“There are only a few words left,” Big Bear said, softly. “This land belonged to me. When I had it I never needed your flour and pork. Sometimes I was stiff with Indian agents who looked at me as if I was a child and knew less than a child. Before many of you were born I ran buffalo over this place where you have put this building, and white men ate the meat I gave them. I gave them my hand as a brother; I was free, and the smallest Person in my band was as free as I because the Master of Life had given us our place on the earth and that was enough for us. But you have taken our inheritance, and our strength. The land is torn up, black with fires, and empty. You have done this. And there is nothing left now but that you must help us.

“I have heard your many words, and now you have heard my few. A word is power, it comes from nothing into meaning and a Person takes his name with him when he dies. I have said my last words. Who will say a word for my people? Give my people help! I have spoken.”

For a moment the thunder of his voice battered the room; the answering sound of River People rose behind him, almost as if for an instant the old man stood again in the strong circle of his council. Then Peter Houri’s voice spoke and the English voice came immediately, quiet as always, but now more than ever as he would not expect it from so thick a body, though covered with black; thinly hard like steel:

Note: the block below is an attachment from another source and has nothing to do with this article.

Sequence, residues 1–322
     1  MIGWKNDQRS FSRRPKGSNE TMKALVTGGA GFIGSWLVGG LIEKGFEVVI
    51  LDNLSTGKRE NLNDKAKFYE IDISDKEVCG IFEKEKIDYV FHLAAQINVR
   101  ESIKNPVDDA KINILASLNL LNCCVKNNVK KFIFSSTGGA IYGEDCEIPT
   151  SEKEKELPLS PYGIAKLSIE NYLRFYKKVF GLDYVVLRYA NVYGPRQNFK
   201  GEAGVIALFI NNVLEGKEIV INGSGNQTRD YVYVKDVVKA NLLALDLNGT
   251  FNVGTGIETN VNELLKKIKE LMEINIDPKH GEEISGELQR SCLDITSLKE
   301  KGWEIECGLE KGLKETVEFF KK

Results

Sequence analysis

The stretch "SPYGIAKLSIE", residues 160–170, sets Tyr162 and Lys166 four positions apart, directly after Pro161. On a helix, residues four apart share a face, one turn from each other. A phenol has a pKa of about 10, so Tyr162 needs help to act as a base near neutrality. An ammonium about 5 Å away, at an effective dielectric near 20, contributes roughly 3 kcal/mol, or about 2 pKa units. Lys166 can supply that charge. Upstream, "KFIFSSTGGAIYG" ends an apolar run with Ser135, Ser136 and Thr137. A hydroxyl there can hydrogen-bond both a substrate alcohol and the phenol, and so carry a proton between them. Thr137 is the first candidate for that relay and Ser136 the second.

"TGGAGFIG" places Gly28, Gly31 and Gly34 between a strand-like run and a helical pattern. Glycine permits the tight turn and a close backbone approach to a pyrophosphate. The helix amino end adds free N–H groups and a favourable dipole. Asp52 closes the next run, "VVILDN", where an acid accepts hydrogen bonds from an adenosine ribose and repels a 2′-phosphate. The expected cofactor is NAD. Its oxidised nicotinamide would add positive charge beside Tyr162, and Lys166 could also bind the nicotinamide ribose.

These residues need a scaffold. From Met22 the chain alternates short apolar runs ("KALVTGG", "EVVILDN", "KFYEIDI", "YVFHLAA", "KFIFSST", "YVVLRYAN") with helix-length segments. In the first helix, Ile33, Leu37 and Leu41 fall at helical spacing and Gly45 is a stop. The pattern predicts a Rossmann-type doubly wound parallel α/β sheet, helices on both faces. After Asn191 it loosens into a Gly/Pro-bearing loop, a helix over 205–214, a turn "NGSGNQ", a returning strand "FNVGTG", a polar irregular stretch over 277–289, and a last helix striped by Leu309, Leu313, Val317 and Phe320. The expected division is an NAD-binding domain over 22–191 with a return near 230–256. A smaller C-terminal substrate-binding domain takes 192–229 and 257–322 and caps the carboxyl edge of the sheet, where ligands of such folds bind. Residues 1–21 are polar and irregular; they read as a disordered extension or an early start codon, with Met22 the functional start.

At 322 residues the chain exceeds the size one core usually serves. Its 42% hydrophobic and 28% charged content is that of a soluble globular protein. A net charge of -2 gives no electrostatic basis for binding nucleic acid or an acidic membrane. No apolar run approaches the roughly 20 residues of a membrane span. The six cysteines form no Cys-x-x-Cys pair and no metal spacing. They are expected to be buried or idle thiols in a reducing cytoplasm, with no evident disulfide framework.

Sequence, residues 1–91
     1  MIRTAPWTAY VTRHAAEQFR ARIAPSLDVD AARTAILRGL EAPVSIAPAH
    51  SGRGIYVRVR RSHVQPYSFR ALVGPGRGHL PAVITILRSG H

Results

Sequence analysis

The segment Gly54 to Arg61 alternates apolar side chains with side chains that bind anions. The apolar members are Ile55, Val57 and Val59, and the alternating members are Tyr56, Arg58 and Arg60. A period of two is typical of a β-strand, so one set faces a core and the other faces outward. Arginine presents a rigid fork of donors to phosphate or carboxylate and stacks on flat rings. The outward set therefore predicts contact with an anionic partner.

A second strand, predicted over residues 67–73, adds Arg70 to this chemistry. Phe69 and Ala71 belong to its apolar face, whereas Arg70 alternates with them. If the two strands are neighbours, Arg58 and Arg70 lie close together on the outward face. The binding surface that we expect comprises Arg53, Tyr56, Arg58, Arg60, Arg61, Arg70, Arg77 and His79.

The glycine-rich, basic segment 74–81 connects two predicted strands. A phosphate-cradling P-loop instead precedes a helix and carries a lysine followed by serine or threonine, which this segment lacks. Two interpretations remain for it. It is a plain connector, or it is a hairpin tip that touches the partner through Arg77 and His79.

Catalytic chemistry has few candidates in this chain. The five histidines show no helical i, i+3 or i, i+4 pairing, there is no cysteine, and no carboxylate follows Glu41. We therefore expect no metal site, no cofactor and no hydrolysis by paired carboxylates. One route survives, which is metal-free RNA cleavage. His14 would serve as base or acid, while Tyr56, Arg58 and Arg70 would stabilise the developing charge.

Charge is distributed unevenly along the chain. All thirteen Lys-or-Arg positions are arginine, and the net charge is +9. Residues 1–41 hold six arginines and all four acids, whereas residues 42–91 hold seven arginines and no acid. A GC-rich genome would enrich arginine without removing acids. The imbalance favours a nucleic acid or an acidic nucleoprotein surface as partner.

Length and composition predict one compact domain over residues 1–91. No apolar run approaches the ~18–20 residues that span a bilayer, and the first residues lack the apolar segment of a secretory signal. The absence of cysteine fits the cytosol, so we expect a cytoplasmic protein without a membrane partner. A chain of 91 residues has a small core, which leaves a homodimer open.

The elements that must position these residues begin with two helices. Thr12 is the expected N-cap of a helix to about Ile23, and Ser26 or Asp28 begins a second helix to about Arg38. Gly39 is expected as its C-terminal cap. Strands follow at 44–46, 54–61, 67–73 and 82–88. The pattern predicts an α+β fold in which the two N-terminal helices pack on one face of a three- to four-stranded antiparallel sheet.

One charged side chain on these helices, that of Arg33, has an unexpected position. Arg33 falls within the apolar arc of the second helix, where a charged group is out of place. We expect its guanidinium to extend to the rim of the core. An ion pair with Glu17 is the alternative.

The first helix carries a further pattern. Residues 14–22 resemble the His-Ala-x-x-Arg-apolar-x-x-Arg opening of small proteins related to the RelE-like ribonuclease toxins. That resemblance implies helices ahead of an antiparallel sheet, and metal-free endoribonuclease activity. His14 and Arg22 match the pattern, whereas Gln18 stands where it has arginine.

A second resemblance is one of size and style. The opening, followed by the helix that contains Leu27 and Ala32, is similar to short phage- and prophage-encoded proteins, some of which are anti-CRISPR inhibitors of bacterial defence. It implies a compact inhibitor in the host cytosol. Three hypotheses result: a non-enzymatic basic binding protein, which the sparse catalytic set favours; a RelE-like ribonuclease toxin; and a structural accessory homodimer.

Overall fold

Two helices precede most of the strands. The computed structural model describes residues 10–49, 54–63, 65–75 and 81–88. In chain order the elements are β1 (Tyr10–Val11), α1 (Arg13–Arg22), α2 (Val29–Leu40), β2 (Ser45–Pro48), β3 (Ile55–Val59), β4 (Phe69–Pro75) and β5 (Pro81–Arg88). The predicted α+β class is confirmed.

“Big Bear, you have been found guilty by an impartial jury. I have no objection to hear what you have to say, but on one point you must be corrected. This land never belonged to you. This land was and is the Queen’s. She has allowed you to use it. When she wanted to make other use of it, she called you together through her officers and let you decide which of the choicest parts of the country you wanted, to reserve them for yourself. Your people can live there because the Queen has graciously given it to them. The land belongs to the Queen.